Economic and diplomatic threats linger as Security Council seeks to solve Hariri killing.The Security Council is expected to pass a tough resolution today against Syria, increasing international pressure on the country's embattled president, Bashar Assad, and deepening his government's struggle to ward off increasing isolation.
The measure threatens Syria with economic sanctions if it doesn't cooperate fully with the U.N. inquiry that has identified high-ranking Syrian security officials as suspects in the assassination of the former Lebanese prime minister, Rafik Hariri.
The measure also orders Syria to apprehend people suspected of involvement in the killing and to make them available to the U.N. investigators.
That provision in particular could pose a problem for Assad, a relatively inexperienced leader perceived as weak and vulnerable in the power politics of the Middle East. Among the suspects are his brother, Maher Assad, and his brother-in-law, Asef Shawkat. Shawkat, the chief of military intelligence, is considered the most powerful man in the country aside from the president.
Assad's government has been thrown on the defensive by an incriminating report on the Hariri killing delivered Oct. 20 by Detlev Mehlis, the German prosecutor who leads the U.N. investigation.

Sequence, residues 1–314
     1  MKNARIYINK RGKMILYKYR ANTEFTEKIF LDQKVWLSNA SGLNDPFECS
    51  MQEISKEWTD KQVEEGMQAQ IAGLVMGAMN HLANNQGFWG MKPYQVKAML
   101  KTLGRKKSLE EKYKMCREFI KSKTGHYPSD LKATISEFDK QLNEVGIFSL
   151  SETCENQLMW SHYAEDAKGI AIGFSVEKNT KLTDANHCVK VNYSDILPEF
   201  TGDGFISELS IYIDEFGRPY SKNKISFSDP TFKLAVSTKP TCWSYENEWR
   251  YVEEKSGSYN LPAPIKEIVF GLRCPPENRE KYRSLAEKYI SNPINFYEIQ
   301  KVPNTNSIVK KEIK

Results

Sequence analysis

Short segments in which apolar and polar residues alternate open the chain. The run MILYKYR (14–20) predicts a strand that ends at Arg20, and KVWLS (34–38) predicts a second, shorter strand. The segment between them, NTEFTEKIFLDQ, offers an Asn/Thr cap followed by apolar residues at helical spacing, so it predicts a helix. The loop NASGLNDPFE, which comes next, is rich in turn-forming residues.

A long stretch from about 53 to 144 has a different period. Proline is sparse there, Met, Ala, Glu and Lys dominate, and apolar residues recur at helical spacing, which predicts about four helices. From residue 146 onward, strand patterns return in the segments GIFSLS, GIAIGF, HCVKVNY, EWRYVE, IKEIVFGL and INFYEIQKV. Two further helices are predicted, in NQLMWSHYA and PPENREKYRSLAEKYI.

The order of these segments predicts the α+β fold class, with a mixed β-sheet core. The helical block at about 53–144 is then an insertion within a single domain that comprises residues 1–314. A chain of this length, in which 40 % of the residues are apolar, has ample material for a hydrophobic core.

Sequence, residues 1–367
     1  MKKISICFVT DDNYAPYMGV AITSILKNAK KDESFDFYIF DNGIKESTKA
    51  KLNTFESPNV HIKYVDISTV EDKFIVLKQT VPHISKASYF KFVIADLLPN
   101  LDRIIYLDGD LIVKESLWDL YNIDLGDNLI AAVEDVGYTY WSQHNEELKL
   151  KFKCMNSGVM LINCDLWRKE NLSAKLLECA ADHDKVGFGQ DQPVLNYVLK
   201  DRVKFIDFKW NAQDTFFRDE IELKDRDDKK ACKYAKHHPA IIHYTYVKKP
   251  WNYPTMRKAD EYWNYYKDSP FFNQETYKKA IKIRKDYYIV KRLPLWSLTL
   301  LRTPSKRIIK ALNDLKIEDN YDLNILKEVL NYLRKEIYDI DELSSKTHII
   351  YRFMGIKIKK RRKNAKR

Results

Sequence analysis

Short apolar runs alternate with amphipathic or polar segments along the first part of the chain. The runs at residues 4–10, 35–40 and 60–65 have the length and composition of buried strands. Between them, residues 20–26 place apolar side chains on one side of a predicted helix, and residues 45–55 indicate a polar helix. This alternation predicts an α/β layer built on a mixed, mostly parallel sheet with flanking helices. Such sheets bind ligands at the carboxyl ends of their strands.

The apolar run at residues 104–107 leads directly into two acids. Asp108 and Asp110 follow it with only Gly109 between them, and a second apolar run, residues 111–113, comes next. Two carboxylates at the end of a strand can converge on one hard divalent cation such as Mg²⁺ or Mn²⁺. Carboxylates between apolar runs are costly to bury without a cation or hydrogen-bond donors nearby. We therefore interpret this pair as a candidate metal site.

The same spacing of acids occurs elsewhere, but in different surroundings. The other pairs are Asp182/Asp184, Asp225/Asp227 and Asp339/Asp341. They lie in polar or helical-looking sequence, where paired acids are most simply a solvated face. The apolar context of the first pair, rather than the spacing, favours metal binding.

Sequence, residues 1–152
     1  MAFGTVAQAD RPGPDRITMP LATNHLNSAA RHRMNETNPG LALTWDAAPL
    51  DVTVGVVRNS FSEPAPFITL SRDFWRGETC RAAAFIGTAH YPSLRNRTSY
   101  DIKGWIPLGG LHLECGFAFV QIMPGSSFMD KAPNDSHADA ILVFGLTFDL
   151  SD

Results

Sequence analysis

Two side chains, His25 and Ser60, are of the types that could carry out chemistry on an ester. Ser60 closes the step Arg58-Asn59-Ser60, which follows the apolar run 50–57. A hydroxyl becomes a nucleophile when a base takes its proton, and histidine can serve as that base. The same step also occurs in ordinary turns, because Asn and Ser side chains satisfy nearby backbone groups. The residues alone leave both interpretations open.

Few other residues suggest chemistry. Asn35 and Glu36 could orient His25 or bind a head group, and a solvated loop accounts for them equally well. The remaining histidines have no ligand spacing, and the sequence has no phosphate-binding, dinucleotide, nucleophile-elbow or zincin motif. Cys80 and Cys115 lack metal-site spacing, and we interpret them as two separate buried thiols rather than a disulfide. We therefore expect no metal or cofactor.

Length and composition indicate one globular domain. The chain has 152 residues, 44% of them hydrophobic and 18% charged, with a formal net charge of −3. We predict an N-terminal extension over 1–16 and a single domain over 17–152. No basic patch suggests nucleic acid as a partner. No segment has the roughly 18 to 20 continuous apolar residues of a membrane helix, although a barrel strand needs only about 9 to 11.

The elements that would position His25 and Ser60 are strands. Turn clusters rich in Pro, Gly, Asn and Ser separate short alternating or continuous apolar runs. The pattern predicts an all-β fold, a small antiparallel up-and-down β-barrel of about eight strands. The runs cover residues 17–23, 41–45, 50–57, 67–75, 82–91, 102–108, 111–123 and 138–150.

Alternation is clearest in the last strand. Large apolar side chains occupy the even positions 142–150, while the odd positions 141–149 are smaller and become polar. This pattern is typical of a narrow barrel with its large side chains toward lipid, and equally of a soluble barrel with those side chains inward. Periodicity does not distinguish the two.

Hariri, an opponent of Syrian domination of Lebanese politics, and 22 others were killed Feb. 14 when a bomb was detonated in a Beirut street as his convoy passed. The murder was followed by large and angry demonstrations in Beirut against Syria, which eventually withdrew its troops and intelligence agents from Lebanon and ended its 29-year control of Lebanese public life.
This inability of Syria to enlist vocal defenders is reflected at the United Nations, where even countries on the Security Council that have trouble with some provisions of the resolution have agreed about the need to send Syria a stern message about its responsibility to cooperate with the international investigation.
"There is a unanimous feeling within the council that there must be greater cooperation from the Syrians," Richard Grenell, the spokesman for John Bolton, the U.S. ambassador, said Sunday.
Grenell declined to be specific about the anticipated outcome of today's vote, but he said that nothing had occurred during the weekend to alter optimistic statements on Friday night from Bolton who said "I don't foresee a veto."
The Security Council resolution, co-sponsored by Britain, France and the United States and first circulated last Monday, calls on all states to impose a travel ban and asset freeze on anyone who is designated a suspect in the Hariri slaying. A committee made up of all 15 Security Council member states would be established to oversee these individual penalties and to rule on approving exceptions in cases such as religious travel and emergency need, reports the New York Times. I.L.
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